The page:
|18.||Yang HY, Leu SF, Wang YK, Wu CS, Huang BM. Cordyceps sinensis mycelium induces MA-10 mouse Leydig tumor cell apoptosis by activating the caspase-8 pathway and suppressing the NF-kappa B pathway. Arch Androl 2006;52:103-10. |
|19.||Lee H, Kim YJ, Kim HW, Lee DH, Sung MK, Park T. Induction of apoptosis by Cordyceps militaris through activation of caspase-3 in leukemia HL-60 cells. Biol Pharm Bull 2006;29:670-4. |
|20.||Petrova RD, Reznick AZ, Wasser SP, Denchev CM, Nevo E, Mahajna J. Fungal metabolites modulating NF-kappa B activity: An approach to cancer therapy and chemoprevention (Review). Oncol Rep 2008;19:299-308. |
|21.||Zhu JS, Halpern GM, Jones K. The scientific rediscovery of an ancient Chinese herbal medicine: Cordyceps sinensis Part I. J Altern Complement Med 1998;4:289-303. |
|22.||Zhu JS, Halpern GM, Jones K. The scientific rediscovery of a precious ancient Chinese herbal regimen: Cordyceps sinensis - Part II. J Altern Complement Med 1998;4:429-57. |
|23.||Shen YD, Shao XT, Ni YD, Xu H, Tong XM. Cordyceps sinensis polysaccharide enhances apoptosis of HL-60 cells induced by triptolide. Zhejiang Da Xue Xue Bao Yi Xue Ban. 2009;38:158-62. |
|24.||Fulda S. Tumor resistance to apoptosis. Int J Cancer 2009;124:511-5. |
|25.||Chen Y, Guo H, Du Z, Liu XZ, Che Y, Ye X. Ecology-based screen identifies new metabolites from a Cordyceps-colonizing fungus as cancer cell proliferation inhibitors and apoptosis inducers. Cell Prolif 2009;42:838-47. |
|26.||Xiao JH, Zhong JJ. Inhibitory effect of polysaccharides produced by medicinal macrofungus Cordyceps jiangxiensis on cancer cells via apoptotic pathway and cell cycle arrest. J Food Agric Environ 2008;6:61-7. |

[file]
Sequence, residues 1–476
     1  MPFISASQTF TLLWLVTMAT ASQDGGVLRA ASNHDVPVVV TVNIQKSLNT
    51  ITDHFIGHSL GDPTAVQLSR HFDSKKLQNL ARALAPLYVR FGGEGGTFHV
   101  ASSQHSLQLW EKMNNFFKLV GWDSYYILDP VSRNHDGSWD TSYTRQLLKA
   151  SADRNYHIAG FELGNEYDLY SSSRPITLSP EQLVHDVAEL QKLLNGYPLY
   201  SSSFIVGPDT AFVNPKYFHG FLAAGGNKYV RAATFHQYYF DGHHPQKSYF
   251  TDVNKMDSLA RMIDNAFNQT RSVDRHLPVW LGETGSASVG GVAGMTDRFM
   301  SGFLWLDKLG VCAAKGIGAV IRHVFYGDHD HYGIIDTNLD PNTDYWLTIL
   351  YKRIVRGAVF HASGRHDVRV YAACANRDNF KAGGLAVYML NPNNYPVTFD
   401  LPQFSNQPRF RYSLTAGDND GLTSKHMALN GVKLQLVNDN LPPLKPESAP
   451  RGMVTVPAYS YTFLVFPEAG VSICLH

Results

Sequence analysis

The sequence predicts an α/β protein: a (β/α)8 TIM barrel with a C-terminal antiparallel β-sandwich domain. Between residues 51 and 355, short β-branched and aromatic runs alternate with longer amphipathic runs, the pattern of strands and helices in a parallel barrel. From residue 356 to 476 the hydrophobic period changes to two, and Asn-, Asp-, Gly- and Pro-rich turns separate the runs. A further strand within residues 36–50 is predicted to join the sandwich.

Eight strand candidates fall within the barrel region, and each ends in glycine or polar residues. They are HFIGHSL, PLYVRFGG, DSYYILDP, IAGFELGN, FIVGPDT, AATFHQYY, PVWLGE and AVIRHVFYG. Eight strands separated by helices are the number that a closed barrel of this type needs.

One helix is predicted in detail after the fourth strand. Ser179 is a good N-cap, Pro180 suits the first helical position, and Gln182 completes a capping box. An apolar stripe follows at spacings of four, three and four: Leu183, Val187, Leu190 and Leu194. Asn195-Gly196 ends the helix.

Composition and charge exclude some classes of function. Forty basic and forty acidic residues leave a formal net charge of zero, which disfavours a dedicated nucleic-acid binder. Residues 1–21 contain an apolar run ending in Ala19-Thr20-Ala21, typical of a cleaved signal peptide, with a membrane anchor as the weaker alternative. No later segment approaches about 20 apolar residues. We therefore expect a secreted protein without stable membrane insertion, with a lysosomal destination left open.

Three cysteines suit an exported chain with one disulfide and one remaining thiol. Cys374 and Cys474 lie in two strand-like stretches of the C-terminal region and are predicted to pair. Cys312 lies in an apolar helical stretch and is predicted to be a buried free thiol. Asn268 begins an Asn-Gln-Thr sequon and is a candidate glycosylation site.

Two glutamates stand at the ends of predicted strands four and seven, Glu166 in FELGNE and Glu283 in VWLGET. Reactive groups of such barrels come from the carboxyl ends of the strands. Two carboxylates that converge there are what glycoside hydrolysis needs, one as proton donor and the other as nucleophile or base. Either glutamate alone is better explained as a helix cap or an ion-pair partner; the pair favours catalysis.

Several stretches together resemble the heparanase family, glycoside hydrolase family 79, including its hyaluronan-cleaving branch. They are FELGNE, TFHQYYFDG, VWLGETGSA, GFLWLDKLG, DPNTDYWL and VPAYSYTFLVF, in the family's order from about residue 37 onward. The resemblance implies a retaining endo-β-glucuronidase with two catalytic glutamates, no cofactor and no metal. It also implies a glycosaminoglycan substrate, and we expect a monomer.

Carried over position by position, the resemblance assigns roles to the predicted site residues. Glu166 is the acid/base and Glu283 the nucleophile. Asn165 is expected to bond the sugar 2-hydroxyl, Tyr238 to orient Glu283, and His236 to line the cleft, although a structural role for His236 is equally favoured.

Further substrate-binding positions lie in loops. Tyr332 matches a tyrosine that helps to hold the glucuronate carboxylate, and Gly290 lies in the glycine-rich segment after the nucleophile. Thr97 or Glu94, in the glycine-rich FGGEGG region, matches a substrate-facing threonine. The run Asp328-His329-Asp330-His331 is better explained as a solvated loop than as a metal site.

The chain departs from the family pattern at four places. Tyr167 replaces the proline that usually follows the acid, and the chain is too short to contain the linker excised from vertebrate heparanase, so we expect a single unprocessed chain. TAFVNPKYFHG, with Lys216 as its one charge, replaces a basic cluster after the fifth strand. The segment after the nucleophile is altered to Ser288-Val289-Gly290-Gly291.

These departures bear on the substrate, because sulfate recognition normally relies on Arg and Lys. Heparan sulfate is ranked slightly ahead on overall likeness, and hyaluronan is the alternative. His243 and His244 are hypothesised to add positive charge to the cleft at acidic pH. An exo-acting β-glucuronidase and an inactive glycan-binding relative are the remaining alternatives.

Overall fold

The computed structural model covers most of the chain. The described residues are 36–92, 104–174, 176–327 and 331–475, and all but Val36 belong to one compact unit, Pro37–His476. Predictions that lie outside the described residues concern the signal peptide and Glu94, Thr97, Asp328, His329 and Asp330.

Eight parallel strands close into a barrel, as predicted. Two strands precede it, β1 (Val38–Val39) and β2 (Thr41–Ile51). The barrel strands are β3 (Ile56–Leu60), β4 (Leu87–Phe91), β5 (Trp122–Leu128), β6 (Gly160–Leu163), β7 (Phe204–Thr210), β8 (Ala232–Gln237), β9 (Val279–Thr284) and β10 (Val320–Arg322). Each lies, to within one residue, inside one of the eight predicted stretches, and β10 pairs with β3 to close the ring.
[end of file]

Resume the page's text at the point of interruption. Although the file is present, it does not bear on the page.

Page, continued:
|27.||Wu WC, Hsiao JR, Lian YY, Lin CY, Huang BM. The apoptotic effect of cordycepin on human OEC-M1 oral cancer cell line. Cancer Chemother Pharmacol 2007;60:103-11. |
|28.||Wu YS, Zhou DL, Yan D, Ren YS, Fang YL, Xiao XH, et al. HPLC fingerprint analysis of cordyceps and mycelium of cultured cordy. Zhongguo Zhong Yao Za Zhi 2008;33:2212-4. |
|29.||Lv ZM, Jiang YT, Wu LJ, Liu K. Chemical constituents from dried sorophore of cultured Cordyceps militaris. Zhongguo Zhong Yao Za Zhi 2008;33:2914-7. |
|30.||Yang Z, Chi SY, Zhang CH, Wu A. Quantitative analysis of adenosine and cordycepin in Cordyceps sinensis and its substitutes with LC-MS-MS. Zhongguo Zhong Yao Za Zhi 2007;32:2018-21. |
|31.||Wu Y, Sun C, Pan Y. Structural analysis of a neutral (1-->3),(1-->4)-beta-D-glucan from the mycelia of Cordyceps sinensis. J Nat Prod 2005;68:812-4. |
|32.||Yang FQ, Ge L, Yong JW, Tan SN, Li SP. Determination of nucleosides and nucleobases in different species of Cordyceps by capillary electrophoresis-mass spectrometry. J Pharm Biomed Anal 2009;50:307-14. |
|33.||Wang Y, Wang M, Ling Y, Fan W, Yin H. Structural determination and antioxidant activity of a polysaccharide from the fruiting bodies of cultured Cordyceps sinensis. Am J Chin Med. 2009;37:977-89. |
|34.||Feng K, Wang S, Hu DJ, Yang FQ, Wang HX, Li SP. Random amplified polymorphic DNA (RAPD) analysis and the nucleosides assessment of fungal strains isolated from natural Cordyceps sinensis. J Pharm Biomed Anal 2009;50:522-6. |
[Figure 1], [Figure 2], [Figure 3], [Figure 4]
[Table 1], [Table 2], [Table 3], [Table 4]